There’s an incredible graph here that compares the real cost of a college education to the real cost of dental care between 1947 and 2006. The two track perfectly together. This doesn’t mean that I’m crazy to fear the arrival my daughter’s imminent college bills. As the two economists who made that graph suggest:
[T]he upward trend of college cost has been accelerated by changes in income distribution over the last 30 years. People with high levels of education have seen big income gains. Universities rely on highly educated people, as do hospitals, law offices and dental practices, to name a few. Rising income inequality is a force for rising cost in any industry like higher education. And rising income inequality also drives affordability problems.
While I agree that the general cost increase in college education is more reasonable than most suppose, what I don’t buy here is the notion that I’m somehow driving this cart. I feel a lot more as if I’m at the bottom of the inequality curve, not the top. The increased cost of college education has come despite the fact that salaries for many of us doesn’t even match the rate of inflation anymore. On the matter of starting salaries, consider this post from College Misery that made my jaw drop. Throw contingent faculty into the mix here and obviously this position gets even stronger.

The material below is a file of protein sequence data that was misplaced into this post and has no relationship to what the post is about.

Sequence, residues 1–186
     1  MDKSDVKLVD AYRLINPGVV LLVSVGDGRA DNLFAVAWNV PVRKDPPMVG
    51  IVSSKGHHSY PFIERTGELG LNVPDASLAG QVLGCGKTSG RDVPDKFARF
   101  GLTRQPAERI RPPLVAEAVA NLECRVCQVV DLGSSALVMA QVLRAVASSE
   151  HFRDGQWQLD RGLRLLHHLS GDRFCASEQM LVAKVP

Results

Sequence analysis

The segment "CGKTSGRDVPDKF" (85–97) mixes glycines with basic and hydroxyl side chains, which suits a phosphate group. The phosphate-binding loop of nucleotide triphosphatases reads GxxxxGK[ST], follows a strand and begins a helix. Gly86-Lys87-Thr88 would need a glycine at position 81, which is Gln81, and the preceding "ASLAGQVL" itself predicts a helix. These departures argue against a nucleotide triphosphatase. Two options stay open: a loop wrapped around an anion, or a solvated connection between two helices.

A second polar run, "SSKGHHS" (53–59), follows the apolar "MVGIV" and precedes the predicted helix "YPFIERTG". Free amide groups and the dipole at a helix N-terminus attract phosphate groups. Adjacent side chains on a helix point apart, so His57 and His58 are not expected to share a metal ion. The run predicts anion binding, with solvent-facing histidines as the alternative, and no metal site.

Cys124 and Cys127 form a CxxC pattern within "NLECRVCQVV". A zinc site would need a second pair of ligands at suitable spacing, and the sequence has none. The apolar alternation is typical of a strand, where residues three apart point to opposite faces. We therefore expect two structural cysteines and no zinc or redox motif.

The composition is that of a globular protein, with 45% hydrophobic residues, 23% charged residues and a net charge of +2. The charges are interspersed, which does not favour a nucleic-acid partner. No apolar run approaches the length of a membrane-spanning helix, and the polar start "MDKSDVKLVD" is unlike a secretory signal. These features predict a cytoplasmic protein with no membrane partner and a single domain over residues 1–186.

I have dental insurance (thank goodness). I don’t have college insurance, despite the fact that I teach at one. Some places may end up out of reach for my child not because they’re too expensive in the objective sense, but because my income makes it much harder for me to contribute as much to her education as I think I should.